Big Brother

Mica has different relationships with her two brothers. She and Ryan and just close enough that they sometimes conflict; Ryan is not quite mature enough to deal calmly with Mica trying to steal a toy, for example. They play intensely together at times, and show each other wonderful moments of sweetness. Other times there is considerable whacking going on.


Nathan, on the other hand, hardly ever conflicts with Mica. (Nathan seems more baby-oriented in general; he’ll frequently point out other babies to me when we’re out.) He’s spent some time trying to teach her to play Minecraft. She is not quite there yet; she can use a mouse and push a couple of keys, but she can’t manage to keep everything straight well enough to really move around in the environment. It doesn’t bother her all that much; she likes digging straight down. (For non-Mincrafters out there, this is a classic beginner error.)


But what she really likes is playing games off the computer, mostly of the chase-me or let’s-jump-on-things variety. And recently she and Nathan became interested in a sort of Minecraft baby step: playing with the Minecraft legos. For several days she dragged the little lego set all over the house, shedding pieces as she went, and making the cow and sheep talk to each other.


Just A Picture

Father and son, programming together…


Valentine’s Cupcakes

What is Valentine’s Day really for, anyway? Romance? Love in general? Commercialism? For my kids, at least, it appears to be about the same thing as most holidays: sugar.

I had vague ideas of doing heart cutout cookies with icing, but let’s be honest: mini cupcakes are quicker, easier, and just as well-received by the children in the household. Plus the kids really like to help with the tedious bit of beating the frosting.



Another holiday nailed…

Kindness Rocks

Recently I made some Kindness Rocks with Mica. This project had everything I look for in A Project To Do With A Two-Year-Old. It had paint — but only a little. It had rocks. And it fit nicely within the window of a two-year-old attention span.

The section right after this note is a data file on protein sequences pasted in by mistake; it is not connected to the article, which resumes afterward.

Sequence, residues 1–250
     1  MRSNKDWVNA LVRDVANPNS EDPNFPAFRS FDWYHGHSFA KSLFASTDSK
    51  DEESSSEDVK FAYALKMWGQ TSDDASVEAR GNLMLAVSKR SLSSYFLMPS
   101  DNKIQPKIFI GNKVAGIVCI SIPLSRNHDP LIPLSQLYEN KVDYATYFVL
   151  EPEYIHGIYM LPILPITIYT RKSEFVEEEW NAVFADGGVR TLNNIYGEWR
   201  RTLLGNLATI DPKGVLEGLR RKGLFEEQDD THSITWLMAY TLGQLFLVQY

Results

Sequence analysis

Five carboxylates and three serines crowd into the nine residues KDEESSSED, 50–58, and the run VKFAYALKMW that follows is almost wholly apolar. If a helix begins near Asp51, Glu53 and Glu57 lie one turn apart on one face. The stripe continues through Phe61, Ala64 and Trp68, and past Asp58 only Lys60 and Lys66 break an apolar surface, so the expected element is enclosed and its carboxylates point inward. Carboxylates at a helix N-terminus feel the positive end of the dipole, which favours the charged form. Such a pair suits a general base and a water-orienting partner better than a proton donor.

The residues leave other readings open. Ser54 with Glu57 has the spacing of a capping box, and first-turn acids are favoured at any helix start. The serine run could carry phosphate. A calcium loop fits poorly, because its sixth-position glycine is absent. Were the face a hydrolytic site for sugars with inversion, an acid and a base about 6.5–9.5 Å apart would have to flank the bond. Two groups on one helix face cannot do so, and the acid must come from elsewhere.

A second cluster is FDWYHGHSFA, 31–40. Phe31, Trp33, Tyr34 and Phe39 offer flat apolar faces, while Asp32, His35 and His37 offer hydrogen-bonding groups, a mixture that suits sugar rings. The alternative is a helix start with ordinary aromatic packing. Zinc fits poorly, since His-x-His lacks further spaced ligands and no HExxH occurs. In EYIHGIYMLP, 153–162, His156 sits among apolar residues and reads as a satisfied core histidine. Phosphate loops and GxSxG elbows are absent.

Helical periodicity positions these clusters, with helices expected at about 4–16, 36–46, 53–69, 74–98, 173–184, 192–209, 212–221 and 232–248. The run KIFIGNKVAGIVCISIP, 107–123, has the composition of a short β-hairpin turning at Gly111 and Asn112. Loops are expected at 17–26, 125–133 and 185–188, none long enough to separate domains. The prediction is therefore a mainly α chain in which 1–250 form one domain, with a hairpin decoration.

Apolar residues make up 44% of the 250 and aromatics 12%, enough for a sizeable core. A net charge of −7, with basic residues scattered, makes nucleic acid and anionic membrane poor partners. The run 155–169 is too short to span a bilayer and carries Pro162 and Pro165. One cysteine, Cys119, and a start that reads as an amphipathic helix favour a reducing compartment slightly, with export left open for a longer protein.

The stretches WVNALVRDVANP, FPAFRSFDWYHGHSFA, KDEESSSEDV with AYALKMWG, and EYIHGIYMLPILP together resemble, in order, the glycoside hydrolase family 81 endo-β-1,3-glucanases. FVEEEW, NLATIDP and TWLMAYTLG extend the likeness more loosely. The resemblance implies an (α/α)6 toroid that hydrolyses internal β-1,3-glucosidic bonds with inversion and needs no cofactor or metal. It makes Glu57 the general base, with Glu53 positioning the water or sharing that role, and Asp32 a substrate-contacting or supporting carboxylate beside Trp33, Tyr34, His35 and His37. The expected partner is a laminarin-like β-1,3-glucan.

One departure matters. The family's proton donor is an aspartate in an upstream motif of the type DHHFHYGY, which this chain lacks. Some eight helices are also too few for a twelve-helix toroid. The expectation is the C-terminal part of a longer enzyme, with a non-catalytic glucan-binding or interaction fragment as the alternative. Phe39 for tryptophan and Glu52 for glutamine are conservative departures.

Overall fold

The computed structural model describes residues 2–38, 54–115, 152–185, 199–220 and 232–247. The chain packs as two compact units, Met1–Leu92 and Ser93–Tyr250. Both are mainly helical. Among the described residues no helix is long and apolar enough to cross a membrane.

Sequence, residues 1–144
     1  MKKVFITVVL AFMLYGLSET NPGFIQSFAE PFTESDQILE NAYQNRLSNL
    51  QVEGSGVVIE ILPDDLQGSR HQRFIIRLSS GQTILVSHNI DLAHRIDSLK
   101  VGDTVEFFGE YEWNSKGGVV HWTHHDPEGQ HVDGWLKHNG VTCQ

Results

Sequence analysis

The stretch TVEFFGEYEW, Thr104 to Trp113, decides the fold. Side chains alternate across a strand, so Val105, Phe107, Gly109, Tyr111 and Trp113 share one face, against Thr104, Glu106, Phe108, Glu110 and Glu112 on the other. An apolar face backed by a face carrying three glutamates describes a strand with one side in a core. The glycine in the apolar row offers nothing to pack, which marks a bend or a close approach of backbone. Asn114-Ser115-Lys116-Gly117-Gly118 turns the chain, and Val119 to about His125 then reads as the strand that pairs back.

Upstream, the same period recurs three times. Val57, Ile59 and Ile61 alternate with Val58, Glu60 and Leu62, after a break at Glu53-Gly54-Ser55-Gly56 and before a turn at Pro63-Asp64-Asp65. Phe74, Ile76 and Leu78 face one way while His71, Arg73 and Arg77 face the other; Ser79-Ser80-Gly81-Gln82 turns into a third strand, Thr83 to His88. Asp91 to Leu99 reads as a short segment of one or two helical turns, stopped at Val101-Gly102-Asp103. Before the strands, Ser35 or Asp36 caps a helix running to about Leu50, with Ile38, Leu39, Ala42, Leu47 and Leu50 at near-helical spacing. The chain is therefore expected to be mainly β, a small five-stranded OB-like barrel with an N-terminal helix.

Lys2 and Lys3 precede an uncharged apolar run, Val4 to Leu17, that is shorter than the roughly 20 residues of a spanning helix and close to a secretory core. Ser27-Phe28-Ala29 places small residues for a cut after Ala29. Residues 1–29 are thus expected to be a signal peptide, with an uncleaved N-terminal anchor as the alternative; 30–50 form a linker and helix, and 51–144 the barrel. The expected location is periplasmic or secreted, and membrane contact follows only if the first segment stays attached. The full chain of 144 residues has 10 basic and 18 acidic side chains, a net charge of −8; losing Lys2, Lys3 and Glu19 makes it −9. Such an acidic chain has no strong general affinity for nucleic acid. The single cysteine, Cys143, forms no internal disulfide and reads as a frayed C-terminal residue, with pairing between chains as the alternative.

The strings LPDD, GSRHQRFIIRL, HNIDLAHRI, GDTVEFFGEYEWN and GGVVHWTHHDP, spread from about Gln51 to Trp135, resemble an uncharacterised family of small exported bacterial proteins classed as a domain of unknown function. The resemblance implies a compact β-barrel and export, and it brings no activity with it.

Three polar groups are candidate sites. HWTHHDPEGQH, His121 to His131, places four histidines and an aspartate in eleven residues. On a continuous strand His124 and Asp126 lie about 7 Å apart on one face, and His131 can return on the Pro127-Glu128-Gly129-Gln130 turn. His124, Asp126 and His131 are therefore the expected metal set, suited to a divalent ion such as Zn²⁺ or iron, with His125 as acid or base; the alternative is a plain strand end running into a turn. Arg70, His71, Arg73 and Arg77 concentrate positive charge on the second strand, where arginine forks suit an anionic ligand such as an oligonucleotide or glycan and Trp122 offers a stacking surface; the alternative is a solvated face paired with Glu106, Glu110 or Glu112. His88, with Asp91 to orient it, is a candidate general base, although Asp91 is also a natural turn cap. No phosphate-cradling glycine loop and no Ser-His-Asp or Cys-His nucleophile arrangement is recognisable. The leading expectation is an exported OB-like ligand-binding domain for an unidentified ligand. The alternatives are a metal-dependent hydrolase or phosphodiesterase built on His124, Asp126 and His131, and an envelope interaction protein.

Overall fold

Mica chose pink and purple paints for the base coat. (I think she’s been influenced by popular culture.) We did the painting at Free School, and then I squirreled the stones away for a few days until I found a chance to put words on them. Any kind of art that requires fine motor control is not the sort to do with a toddler.

After that it was just a matter of placing them. I dragged all three kids out for a quick walk to the park, which we managed to squeeze in (mostly) between rain showers. The boys especially seemed to enjoy finding places for the stones. Then it started to hail and we came home.

Swim Lessons

All the kids started swim lessons this year, and I am happy to report that at least two of them seem to enjoy them. Mica is in a parent-toddler class with me. I was not worried about her enjoying the swimming — she loves the water — but she has found the structure of the class a little odd. In no other part of her life is she required to follow directions and do what everyone else is doing for no obvious reason, and she clearly finds that bizarre.

But I give her what choice I can, and she is (mostly) going along with this strange concept. She also has gotten used to the idea of being dunked under the water — more quickly than I expected. For myself, I find the structure a little annoying; I still think that little kids would benefit from maybe a few small directed activities and then lots of time to play. But I understand that my perspective on education is not mainstream.

The boys are in a semi-private lesson with an instructor at another pool. After the first lesson the instructor told me that he could definitely work with Ryan, but he wasn’t sure about Nathan. Now three weeks in, that pattern is holding. Ryan openly likes the swim lessons and has fun in them. Nathan still dislikes even going to the lessons. We’ve reached an understanding: although I’m making him attend the lessons, which clearly violates his sense of autonomy, I’ve been entirely up front about the fact that I cannot, in fact, make him learn to swim. I can hope he takes advantage of the opportunity, but I really have no greater power than that. Once he understood it in those terms, he stopped actively resisting going to the lessons. I honestly have no idea whether he’ll warm up eventually and begin to have fun.